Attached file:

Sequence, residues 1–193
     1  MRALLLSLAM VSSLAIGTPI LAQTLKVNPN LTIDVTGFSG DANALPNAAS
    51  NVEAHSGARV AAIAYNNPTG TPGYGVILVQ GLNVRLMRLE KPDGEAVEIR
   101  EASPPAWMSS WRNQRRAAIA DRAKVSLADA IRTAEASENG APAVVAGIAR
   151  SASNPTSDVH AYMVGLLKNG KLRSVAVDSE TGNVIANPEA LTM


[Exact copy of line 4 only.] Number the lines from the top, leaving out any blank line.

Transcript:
   101  EASPPAWMSS WRNQRRAAIA DRAKVSLADA IRTAEASENG APAVVAGIAR